To describe gas exchange for this simple geometry, we applied a one-dimensional diffusion model that outputs the Dm_{o2} for different model geometries. There, gas exchange within the ME mucosa can be represented as a one-dimensional oxygen flow (Q̇o_{2}), (1) The physiochemical parameters, α_{o2} and Do_{2} are mean oxygen solubility and diffusivity in the mucosal tissue (see Table 1). Morphometric parameters required to represent the system geometry include *S*_{a} and τ. *S*_{a} is defined as the effective surface area for gas exchange, which is equivalent to the length of the air-tissue interface given a unit depth of tissue, and τ is defined as the distance a gas species must travel along the diffusional path during exchange. The pressure gradient (ΔPo_{2}) is defined as the oxygen pressure difference between ME air space and local blood, or (2) Dm_{o2} is then given by the lumped transport parameter, (3) which represents the effective resistance of the mucosa to passive gas exchange as shown in the resulting equation: (4)

#### Methods for morphometric measurement of diffusional length.

A cartoon outlining the two methods of measuring τ is presented in Fig. 1*C*. There, the simple linear measure τ_{l} was defined as the distance from the air-mucosa interface to the capillary surface and the harmonic distance measure, and τ_{h} was defined as the harmonic mean of the discrete measurements for the shortest distance between points along the air-mucosa interface and capillary surface. For the latter, τ was treated as representing a collection of parallel diffusional pathways, and the inverse of τ_{h} was approximated by summing the inverse distance measures over the surface length and dividing by the number of measures, (5) This calculation places greater weight on the shorter interface-capillary paths, which is expected to better represent local gas exchange.

Each of the two measures was calculated for the different model geometries, and the results were used to estimate the respective Dm_{o2} values for those geometries: Dm_{o2}^{L} and Dm_{o2}^{h}.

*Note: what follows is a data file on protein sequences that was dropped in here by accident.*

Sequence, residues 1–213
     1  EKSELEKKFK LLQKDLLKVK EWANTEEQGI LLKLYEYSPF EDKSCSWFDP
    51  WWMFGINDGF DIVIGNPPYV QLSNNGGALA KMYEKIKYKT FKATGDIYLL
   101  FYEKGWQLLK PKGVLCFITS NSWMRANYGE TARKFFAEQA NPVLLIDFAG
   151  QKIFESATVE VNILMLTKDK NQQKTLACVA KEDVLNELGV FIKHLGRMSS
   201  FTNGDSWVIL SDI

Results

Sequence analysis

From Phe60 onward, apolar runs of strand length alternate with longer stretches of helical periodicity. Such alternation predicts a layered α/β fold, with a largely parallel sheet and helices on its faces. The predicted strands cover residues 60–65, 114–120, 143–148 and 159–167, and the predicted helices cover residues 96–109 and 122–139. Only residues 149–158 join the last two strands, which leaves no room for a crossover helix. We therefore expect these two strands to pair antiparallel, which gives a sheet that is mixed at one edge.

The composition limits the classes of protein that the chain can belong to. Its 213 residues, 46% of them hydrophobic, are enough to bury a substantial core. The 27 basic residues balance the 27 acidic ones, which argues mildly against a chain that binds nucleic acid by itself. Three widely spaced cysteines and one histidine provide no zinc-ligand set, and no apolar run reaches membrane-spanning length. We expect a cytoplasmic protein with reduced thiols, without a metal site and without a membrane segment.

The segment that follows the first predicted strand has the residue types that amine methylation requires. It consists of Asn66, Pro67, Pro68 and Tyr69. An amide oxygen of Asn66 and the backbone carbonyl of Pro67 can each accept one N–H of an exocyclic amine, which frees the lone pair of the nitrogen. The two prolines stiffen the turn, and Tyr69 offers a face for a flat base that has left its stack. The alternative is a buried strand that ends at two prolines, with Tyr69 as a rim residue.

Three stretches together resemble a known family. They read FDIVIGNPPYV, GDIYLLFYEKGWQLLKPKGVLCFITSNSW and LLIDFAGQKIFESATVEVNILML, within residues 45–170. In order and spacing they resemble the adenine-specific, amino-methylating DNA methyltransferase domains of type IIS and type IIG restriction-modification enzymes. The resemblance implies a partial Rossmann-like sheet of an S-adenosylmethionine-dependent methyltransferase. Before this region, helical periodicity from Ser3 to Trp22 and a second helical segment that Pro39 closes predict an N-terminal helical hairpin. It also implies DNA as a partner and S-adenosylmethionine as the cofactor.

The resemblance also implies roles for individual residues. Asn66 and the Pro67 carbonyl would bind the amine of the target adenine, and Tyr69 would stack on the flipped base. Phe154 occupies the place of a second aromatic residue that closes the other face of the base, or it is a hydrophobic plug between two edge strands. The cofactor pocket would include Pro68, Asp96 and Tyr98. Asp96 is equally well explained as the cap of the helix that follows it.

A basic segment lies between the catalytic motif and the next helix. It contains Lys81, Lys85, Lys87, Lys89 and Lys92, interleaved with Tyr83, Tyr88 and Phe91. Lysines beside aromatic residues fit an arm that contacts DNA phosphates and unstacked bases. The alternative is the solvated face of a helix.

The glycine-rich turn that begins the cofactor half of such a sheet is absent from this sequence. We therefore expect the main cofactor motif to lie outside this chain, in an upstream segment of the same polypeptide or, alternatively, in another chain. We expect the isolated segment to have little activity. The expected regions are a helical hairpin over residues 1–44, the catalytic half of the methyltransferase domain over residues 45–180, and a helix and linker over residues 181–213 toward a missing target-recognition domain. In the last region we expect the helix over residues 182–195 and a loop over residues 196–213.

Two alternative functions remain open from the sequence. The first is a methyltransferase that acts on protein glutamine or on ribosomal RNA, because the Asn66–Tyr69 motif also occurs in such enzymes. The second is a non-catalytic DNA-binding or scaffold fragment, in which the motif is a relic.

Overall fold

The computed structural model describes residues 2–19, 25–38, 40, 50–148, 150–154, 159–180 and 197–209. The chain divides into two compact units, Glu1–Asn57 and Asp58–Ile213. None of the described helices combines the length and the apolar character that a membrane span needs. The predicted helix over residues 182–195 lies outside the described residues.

#### Finite element analysis.

Earlier studies used FEM to calculate Dm for the pulmonary mucosa (13, 15). We used a similar FEM method to describe the two-dimensional ME gas-exchange system. That model utilizes the governing steady-state diffusion equation, (6) where ∇^{2} [= (∂^{2}/∂*x*^{2}) + (∂^{2}/∂*y*^{2})] is the Laplacian operator and Po_{2} is oxygen partial pressure. We assume that oxygen exchange is primarily diffusion limited in that mucosal blood perfusion does not significantly affect local tissue partial pressure. Although this assumption is supported by previous work that analyzed the contribution of convection to pulmonary gas flux (10, 11), it is included here to simplify our initial simulations and will be relaxed in later model enhancements.

Gas exchange within mucosal tissue is driven by the extant pressure gradients between local blood at the capillary surface (Po_{2} = P_{o2}^{blood}) and the ME air space (Po_{2} = P_{o2}^{air}) specified at the boundary condition. Because of the negligible gas diffusivity in bone, that boundary is treated as a no-flux condition:

Because the tissue cross section is defined as the complete zone of influence for the modeled capillary, all significant blood-tissue gas exchanges occur within the modeled region and the lateral tissue boundaries are specified as no-flux positions:

In the FEM analysis, the governing diffusive gas transport equation was solved by using the computational software package FEMLAB (version 2.3.0.145). First, for the model geometry, a wire-frame mesh network was generated that placed nodes throughout the region of interest (see Fig. 2*A*). Next, species partial pressure was solved at node interfaces. The mesh was refined until the computational simulation was independent of the number of elements/nodes (1,532 nodes for our baseline geometry). Total Q̇o_{2} was determined by integrating flows normal to the air-mucosa interface: (7) where the ∂Po_{2}/∂*x* is evaluated over the interface. The effective Dm′_{o2} is then specified as (8) which was accepted as the “true” value of that parameter for all model simulations.

## RESULTS

The oxygen flux fields predicted for different ME geometries by FEM analysis are shown in Fig. 2, *B*–*D*; flux vectors point in the direction of transport, and vector length is proportional to flux magnitude. The baseline cross section (Fig. 2*B*) contains a centrally located, circular capillary. Oxygen flux within the tissue is perpendicular to the air-mucosa interface most proximal to the capillary with very little contribution from more distal regions of the interface. The effect of changing the *A*_{r} and *L* on the oxygen flux field is shown in Fig. 2, *C* and *D*, respectively. For both of these extreme conditions, oxygen flux is relatively linear and perpendicular to the air-mucosa interface.